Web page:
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Saguaro National Park, Arizona, USA

Article by Stefanie Payne. First published on The Greatest Road Trip.

“Stand tall. Reach for the sky. Be patient through dry spells. Conserve your resources. Think long term. Wait for your time to bloom. Stay sharp!

— Advice from a Saguaro

8 Things We Loved At Saguaro National Park

There is no symbol more emblematic of the American southwest than the saguaro tree—standing tall with two arms reaching out from it toward the sky. If you’ve ever purchased El Paso brand Tex-Mex products at the grocery store, you’ve seen at least some version of this tree. (It’s worth noting here that saguaro trees don’t actually grow in El Paso.) With countless brands using artful renditions of this cactus to visually describe the southwest, it makes seeing the real thing up close very surreal. This park takes the cake in terms of sense of place.

Instead of looping our experience into one long narrative, we’re going to switch it up for this article and neck down on our very favorite aspects of this park. These are listed in no particular order, and a couple of them don’t even live inside the park—but they did enhance our Saguaro National Park experience, so we’re including them. Without further ado, here it goes:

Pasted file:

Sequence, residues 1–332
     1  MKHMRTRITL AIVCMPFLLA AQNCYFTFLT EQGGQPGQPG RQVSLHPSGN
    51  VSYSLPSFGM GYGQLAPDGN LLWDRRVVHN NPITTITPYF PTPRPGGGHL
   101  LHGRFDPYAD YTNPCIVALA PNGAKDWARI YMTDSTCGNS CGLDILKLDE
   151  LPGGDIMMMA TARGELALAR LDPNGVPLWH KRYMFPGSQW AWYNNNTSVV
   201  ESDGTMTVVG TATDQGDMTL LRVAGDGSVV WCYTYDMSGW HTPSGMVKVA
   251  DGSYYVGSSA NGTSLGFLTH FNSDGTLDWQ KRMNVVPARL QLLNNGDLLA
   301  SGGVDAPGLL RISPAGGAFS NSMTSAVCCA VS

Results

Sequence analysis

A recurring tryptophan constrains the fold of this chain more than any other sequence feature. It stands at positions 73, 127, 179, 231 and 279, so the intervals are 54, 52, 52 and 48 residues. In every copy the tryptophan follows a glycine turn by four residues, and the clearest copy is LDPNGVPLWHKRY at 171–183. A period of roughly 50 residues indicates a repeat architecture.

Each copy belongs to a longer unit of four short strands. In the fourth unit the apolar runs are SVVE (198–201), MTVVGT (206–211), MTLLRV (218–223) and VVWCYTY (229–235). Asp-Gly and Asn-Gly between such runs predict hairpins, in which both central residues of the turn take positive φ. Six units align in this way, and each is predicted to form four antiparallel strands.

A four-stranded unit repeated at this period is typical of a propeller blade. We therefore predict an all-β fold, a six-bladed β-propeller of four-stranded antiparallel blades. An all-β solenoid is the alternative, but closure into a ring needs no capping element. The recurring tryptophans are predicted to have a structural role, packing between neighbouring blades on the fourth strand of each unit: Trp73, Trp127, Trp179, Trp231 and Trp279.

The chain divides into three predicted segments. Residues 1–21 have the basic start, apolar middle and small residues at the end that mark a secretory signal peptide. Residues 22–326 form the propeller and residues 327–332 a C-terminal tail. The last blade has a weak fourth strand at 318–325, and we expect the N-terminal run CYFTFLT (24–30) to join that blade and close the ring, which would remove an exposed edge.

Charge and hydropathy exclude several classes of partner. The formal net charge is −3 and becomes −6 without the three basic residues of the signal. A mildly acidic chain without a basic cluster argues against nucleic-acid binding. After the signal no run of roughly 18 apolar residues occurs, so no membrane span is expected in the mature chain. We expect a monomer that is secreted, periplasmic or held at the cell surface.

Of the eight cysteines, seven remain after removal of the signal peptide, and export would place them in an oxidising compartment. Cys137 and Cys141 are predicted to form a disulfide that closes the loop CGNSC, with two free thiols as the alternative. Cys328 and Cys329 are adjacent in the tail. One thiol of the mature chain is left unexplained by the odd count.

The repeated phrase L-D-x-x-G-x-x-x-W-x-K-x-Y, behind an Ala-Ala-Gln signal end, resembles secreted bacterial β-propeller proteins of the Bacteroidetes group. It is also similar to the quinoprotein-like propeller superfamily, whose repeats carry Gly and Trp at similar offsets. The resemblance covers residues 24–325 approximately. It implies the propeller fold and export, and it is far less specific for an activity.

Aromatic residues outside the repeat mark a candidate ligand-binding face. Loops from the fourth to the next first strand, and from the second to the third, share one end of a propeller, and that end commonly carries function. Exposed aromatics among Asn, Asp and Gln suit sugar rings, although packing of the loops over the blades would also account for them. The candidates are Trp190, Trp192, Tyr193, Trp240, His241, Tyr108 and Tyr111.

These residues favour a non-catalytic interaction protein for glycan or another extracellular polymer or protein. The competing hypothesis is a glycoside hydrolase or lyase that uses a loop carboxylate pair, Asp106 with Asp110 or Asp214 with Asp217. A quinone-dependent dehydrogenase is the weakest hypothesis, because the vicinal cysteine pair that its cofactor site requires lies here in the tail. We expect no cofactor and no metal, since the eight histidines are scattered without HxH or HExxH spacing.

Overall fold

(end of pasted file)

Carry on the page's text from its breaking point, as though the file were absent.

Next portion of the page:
The magical saguaro tree standing tall on the desert skyline.

1.    Two parks in one. Saguaro National Park is split into two sections—the Tucson Mountain District sits west; the Rincon Mountain District sits east; and the city of Tucson and its 1-million residents sits in between the two. While the two sides of the park bare the same name and share likeness in desert landscape, they are quite different in terms of nuance. Saguaro West is home to the dense saguaro forests that rise from the hillside. Here you will find low-desert grasslands, shrubs, and densely populated saguaro forests. Saguaro East is the area of parkland originally preserved by Herbert Hoover when he dedicated it as a monument in 1933. It is the jumping off point to backcountry and the habitat of elusive wildlife such as the rare Gila monster and the Caoti. Here you will find high-elevation conifer forests, in addition to saguaros and desert mainstays such as cactus and wildflowers. In a general sense, Saguaro West is more manicured; Saguaro East is wilder.  

All set up just in time for sunset... Catching a minute to look just with our eyes on Cactus Loop Drive in the Rincon Mountain District, Saguaro East.

All set up just in time for sunset… Catching a minute to look just with our eyes on Cactus Loop Drive in the Rincon Mountain District, Saguaro East.

2.    Big hikes. In Saguaro West, we found our big adventure along the Kings Canyon Trail. The beauty of this hike is that it connects to several trails throughout, allowing you to choose your own adventure. We chose to push past the 7-mile roundtrip loop and blaze in another direction, extending the whole of our experience to 11 miles. This was kind of an accident—a happy accident though, as it led us to the highest point in Saguaro West: Wasson Peak standing at 4,687 feet and towering above Tucson. (Friends in Tucson, you know who you are, we waved and said “hello” from above!)